Why Creative Thinking Is Integral To Education.

Do Contribute | Guest Writer for Creativity

Photo by Kelli Tungay

As graphic designers we have been trained to question things, we excel at problem solving and thrive under pressure. Yet more and more we are finding less and less people are equipped with the simple skills we pride ourselves with. From school art classes, to university lectures we have been encouraged to be creative, to not let academia or conformity determine our paths. More regularly we are seeing and hearing tales that education is pushing creativity out of the curriculum; turning it’s back on the very thing that once was considered so vital to our own economy.

Looking back to the Great Exhibition at Crystal Palace and beyond Britain can be accredited as a creative nation, we flourished under the influence of our creative industries, from car manufacture through to aerospace. Yet over the last century we have allowed manufacturing industries to diminish and with them the respect and and value creative subjects once commanded has been lost. Our manufacture industries have been dwarfed by the financial and business services and granted these too are important to our economy, yet we shouldn’t forget what once made us such a strong empire.

“Creative people are needed to solve life’s problems.” 
— Lara Furniss, The problem with design education

Too much at the moment, education is about ticking boxes, in order to maintain a level of consistency across the board, teachers and lecturers have been consumed by ensuring pupils meet pre-set criteria. Yet it seems those selecting the criteria have little to no experience of what constitutes a creative subject. You cannot put a mark on creativity because it knows no bounds.

“Creativity is part of human nature, it can only be untaught.” 
— Ai WeiWei, WeiWei-isms

Unfortunately, it seem this is exactly what has happened in our education systems, those uneducated in the creative arts are engineering the system to un-teach creativity. How are the generations of tomorrow meant to know who they are and where they fit in this world if they are being trained to conform? We learn as much, if not more, from colouring outside the lines and reinventing the wheel as we do from gaining 100% on a history test. In removing creativity from the education system we are not only restricting the future of our economy but also the diversity of our population.

“Where are our future designers architects craftsmen/women engineers technicians software designers and mathematicians going to come from if no one can draw?”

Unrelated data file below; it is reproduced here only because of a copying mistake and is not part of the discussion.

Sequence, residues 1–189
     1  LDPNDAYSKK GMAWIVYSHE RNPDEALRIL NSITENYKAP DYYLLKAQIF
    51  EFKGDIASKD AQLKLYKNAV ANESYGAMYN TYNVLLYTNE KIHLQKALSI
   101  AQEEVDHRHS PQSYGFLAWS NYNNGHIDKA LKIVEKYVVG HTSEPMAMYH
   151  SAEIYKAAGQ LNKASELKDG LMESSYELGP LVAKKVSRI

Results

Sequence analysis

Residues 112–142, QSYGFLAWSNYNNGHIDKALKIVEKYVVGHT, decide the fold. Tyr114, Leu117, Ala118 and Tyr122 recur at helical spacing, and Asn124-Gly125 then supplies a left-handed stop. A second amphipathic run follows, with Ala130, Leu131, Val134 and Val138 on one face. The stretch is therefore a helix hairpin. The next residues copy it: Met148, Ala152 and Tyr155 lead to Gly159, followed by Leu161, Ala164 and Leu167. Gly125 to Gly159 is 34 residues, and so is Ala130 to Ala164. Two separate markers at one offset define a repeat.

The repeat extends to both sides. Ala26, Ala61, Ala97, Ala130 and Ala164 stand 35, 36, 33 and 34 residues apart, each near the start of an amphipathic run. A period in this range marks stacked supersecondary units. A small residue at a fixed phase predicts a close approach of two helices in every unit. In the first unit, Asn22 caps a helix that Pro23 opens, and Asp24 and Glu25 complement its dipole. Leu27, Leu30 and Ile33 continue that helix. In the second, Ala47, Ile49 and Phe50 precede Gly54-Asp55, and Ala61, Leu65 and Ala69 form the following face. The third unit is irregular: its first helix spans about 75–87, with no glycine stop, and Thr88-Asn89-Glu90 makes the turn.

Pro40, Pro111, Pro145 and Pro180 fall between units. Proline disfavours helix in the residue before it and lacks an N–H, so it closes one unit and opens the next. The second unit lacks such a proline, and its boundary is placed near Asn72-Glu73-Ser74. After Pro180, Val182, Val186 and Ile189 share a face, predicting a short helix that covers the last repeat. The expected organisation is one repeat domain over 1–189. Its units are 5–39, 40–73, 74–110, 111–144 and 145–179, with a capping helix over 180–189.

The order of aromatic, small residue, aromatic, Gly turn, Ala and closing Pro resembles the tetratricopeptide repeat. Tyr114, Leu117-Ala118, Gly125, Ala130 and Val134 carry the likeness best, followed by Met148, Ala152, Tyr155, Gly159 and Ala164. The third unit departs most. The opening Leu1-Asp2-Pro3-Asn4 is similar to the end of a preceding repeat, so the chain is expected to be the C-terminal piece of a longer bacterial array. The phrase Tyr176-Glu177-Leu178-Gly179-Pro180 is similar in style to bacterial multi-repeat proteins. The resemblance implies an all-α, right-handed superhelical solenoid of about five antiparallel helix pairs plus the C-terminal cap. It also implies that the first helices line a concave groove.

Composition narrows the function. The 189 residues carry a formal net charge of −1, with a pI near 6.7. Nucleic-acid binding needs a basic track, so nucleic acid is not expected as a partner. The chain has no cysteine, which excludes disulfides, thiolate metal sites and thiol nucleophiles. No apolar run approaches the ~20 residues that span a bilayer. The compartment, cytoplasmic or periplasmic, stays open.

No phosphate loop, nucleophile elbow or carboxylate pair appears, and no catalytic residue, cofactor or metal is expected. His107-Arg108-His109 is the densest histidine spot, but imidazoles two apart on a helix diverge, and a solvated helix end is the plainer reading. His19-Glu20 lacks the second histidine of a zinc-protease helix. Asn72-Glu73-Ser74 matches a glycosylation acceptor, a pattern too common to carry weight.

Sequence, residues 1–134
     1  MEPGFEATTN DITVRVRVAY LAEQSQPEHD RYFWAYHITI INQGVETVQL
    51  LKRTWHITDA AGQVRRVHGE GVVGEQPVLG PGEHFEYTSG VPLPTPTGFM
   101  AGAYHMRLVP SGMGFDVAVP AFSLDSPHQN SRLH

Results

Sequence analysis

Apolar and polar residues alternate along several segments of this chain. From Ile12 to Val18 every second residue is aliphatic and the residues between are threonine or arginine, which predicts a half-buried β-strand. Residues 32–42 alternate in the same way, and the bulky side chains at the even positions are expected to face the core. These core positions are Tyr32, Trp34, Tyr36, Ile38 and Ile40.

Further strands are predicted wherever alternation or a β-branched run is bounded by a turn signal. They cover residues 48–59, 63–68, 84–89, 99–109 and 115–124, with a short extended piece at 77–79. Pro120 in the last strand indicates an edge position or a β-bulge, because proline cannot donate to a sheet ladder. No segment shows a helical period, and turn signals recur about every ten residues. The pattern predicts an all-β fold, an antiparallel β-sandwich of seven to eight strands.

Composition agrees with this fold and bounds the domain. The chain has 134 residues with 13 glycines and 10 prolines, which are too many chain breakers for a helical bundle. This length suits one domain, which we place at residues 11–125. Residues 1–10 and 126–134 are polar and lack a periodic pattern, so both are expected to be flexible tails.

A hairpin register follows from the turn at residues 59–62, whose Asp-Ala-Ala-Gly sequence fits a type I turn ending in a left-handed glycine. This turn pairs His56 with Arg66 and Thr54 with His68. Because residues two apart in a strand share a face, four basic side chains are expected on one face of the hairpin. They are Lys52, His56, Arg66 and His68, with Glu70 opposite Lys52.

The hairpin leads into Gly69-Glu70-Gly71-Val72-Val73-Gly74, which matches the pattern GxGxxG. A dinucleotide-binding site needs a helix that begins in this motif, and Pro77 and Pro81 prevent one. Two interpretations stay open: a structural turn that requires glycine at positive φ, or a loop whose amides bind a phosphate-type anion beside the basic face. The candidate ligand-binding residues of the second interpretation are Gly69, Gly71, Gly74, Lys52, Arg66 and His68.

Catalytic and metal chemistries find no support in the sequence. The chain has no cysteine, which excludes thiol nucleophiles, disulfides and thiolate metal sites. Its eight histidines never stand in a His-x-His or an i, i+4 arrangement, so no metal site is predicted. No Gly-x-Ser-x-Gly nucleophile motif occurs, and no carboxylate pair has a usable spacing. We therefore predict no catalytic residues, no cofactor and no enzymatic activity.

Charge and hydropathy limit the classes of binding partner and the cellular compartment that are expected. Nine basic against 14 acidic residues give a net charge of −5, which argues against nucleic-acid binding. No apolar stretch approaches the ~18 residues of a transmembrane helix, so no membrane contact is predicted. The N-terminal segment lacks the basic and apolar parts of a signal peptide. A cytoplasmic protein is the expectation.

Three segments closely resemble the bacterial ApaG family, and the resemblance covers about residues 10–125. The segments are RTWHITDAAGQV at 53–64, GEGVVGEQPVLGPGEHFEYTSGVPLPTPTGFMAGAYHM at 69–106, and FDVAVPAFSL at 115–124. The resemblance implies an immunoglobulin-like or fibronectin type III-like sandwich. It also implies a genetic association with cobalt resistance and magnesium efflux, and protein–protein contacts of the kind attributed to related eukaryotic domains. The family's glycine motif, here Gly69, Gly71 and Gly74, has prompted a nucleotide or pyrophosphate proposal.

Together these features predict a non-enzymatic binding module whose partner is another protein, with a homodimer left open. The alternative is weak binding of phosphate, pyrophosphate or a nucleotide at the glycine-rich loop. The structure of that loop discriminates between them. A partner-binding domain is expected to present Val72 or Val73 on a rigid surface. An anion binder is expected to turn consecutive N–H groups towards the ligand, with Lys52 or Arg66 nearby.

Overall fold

— Bob and Roberta Smith, Letter to Michael Gove

As the artist Bob and Roberta Smith rightly asks, where do we expect the future designers and craftspeople of our country to come from if we are not equipping and educating them with the integral skills they need to develop? Even if a person chooses to not follow a creative career, the lessons we learn in the creative subjects offered in our schools equip us with far more realistic life skills than many of the academic subjects on today’s education pedestal. From public speaking in drama classes to handling failure in pottery, recent governments have massively underestimated the skill sets our creative subjects offer young people. In a country where success has become all important, we need to remember, we learn as much and more from failure as we do from success. It is in failure that some of the greatest discoveries have been made; from Penicillin and Pace Makers to InkJet Printers and Post-It notes.

It hardly seems necessary to highlight the fact that the creative industries are now worth a record £84.1 billion to the UK economy, with figures showing that the sector growing at almost twice the rate of the wider UK economy — generating £9.6million per hour. These are numbers that can’t be argued with, yet still, creative subjects are held in disregard.

Rebellion, reaction, outsider-ness, independence and autonomy

This eloquent break down of creativity by Camberwell College of Art, Design Programme Director, Darryl Clifton hits the nail on the head, government and education systems are trying to iron creativity out of education because historically it has fuelled rebellion, from the punk rock to Ziggy Stardust. Yet, as arts institutions are swallowed up by the university system, it is equally as common to find the students rebelling against their course leaders and chosen places of study as it is the constitution. An incomplete creative education provided at school level, coupled with higher fees means more and more students are setting their own course structures. From personal experience we can say we strove to draw as much as we could from our arts education. From petitioning to keep the school open longer into the evenings and weekends, to holding pop up events offering free beer as a solution to the lack of a students union on campus. Future generations are equipped with all the information they could possibly need, if we add creativity into the mix it will no doubt lead to formidable results.

Let’s work together to stay creative, next time you see a child colouring in encourage them to see further than the lines society wishes them to stay between. Let’s equip future generations with the vision and the confidence to do whatever they please and at the same time re-open our minds to creativity.


Lucy Pendlebury — Guest Writer for Creativity

Creativity

Lucy Pendlebury

Graphic Designer. Daydream Traveller. Lucy believes in the right balance of work and play to inspire us in following our passions, to step outside and experience planet earth in its most purest form.

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